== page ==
A new survey of Bird riders in Atlanta, Georgia has revealed that nearly half of shared micromobility users in the city are women, suggesting that access to shared bikes and e-scooters is helping to significantly level the gender gap that has dogged the cycling industry for decades.
According to the US Census Bureau, American women are about 60% less likely to commute to work on a bike. The difference is even more pronounced in some cities such as Seattle, where men accounted for 76% of all cyclists as recently as 2019.
But says Bird, the Atlanta experience demonstrates that this narrative can be changed.
The Atlanta survey of Bird riders reveals that shared scooters are helping level the micromobility playing, with under 51% of Bird’s Atlanta riders identifying as male.
The lack of safe separation from cars is often cited as a reason many riders, including many women, opt not to ride bikes and scooters. In fact, in the same Bird survey, 65% of respondents indicated that protected bike lanes would encourage them to use scooters more—the single biggest factor influencing that decision.
“I am heartened to see the increased gender balance in scooter riders in Atlanta,” said Sarah Kaufman, Associate Director at the NYU Rudin Center for Transportation Policy and Management. “Women are often harbingers of safe public spaces, and their use of Birds in Atlanta points to successful safety efforts in street and scooter design. The more cities can implement safe infrastructure, the more we’ll see a diversity of users, keep our residents safe, reduce traffic congestion and bring joy into mobility.”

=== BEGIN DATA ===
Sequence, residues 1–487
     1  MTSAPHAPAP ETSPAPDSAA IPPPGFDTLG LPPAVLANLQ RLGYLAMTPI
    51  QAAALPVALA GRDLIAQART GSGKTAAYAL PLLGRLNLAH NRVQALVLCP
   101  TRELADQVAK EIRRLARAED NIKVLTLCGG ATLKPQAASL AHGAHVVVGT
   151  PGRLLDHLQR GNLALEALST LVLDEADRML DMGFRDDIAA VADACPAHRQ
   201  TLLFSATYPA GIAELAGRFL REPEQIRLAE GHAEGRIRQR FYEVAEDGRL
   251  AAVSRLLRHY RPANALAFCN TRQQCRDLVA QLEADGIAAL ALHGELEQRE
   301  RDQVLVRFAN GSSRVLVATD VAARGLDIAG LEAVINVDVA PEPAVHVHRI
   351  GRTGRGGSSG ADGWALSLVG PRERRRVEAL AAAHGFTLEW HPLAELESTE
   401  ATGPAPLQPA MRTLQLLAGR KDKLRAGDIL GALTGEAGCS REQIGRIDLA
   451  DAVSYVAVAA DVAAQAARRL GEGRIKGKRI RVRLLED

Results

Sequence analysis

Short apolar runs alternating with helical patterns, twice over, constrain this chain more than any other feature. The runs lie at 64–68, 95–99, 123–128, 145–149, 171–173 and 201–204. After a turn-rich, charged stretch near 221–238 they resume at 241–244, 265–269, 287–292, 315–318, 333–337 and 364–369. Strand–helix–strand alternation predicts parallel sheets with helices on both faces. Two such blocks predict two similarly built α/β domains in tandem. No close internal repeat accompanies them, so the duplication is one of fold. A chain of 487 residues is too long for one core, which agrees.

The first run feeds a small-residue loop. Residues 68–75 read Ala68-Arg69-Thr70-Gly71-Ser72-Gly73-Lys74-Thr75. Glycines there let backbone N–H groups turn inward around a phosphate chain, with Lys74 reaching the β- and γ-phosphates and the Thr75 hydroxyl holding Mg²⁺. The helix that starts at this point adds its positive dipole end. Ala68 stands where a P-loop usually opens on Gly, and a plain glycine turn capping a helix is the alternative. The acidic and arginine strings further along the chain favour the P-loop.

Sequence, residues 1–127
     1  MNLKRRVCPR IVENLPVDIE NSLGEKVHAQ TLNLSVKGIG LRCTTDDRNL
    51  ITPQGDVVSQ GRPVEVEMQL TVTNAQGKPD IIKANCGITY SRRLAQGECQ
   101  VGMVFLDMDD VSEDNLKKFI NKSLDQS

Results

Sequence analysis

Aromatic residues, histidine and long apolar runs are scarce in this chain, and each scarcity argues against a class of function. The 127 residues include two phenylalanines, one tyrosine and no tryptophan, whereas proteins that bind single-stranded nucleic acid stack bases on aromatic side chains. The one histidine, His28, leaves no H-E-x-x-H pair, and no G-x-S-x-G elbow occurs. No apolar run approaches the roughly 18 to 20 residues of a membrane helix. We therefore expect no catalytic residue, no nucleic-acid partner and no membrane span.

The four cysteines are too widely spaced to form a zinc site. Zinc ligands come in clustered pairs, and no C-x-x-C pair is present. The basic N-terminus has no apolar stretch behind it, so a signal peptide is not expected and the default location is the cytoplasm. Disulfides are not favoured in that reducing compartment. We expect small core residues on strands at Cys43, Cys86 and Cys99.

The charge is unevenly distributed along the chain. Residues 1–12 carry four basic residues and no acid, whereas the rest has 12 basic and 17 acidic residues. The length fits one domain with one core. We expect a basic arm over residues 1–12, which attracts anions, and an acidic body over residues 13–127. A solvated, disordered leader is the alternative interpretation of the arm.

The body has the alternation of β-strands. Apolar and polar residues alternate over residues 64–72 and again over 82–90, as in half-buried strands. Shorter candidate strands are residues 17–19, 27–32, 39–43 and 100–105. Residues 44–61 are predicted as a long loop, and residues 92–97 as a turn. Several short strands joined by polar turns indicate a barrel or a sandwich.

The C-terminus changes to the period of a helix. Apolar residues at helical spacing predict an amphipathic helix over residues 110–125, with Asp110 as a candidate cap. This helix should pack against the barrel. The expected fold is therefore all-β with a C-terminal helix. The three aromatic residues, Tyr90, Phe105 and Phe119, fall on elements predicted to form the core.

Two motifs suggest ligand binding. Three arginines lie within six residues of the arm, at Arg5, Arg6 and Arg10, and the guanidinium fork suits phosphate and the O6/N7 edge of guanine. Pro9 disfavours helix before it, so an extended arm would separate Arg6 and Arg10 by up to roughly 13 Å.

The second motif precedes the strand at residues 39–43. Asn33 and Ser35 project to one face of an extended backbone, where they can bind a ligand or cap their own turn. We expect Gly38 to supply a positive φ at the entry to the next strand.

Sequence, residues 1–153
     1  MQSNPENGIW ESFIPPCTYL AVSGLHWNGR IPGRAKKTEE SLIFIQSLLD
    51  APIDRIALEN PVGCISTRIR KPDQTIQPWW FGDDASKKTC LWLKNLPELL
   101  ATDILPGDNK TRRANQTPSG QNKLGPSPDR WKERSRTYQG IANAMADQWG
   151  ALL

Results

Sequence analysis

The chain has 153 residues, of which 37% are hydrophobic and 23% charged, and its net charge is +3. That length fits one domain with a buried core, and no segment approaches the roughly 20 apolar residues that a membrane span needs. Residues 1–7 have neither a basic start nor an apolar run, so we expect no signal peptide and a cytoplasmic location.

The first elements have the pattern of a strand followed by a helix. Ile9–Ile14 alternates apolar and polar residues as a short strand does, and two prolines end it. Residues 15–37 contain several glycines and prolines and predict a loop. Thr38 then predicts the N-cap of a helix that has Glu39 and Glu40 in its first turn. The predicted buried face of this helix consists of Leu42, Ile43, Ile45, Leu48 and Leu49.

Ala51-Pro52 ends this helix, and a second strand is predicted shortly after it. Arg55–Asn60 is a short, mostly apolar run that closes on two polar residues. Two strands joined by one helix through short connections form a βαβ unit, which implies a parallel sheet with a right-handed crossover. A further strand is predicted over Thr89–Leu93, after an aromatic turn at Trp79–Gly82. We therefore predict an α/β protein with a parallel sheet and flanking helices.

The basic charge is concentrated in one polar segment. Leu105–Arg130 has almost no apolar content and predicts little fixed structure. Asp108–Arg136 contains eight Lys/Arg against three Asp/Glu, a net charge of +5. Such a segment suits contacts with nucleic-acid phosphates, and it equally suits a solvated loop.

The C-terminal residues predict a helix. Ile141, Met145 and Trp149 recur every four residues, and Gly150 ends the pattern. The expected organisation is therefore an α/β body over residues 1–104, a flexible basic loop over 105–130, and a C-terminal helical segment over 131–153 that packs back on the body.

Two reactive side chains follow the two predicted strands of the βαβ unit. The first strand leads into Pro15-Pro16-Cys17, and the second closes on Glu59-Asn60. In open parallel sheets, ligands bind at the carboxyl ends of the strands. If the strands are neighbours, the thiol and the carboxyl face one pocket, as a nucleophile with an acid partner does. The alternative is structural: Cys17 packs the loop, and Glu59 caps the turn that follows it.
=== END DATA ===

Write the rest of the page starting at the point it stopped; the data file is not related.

In 2019, Atlanta Mayor Keisha Bottoms unveiled an action plan to increase protected cycling and scooter infrastructure. So called “complete street” overhauls are either completed, underway or scheduled for high-traffic thoroughfares like Cascade Road, Juniper Street and Monroe Drive.
There’s now a larger proposed $44 million project under consideration that would make Cumberland, the home of Atlanta’s famed professional baseball team, more bike and scooter friendly.
In addition to encouraging more sustainable transportation options and helping to significantly narrow the micromobility gender gap, projects like these also support local businesses. According to Bird’s survey respondents, nearly 7 in 10 Bird riders in Atlanta visited a local business on their most recent trip, with 86% of them reporting that scooter access made them more likely to do so.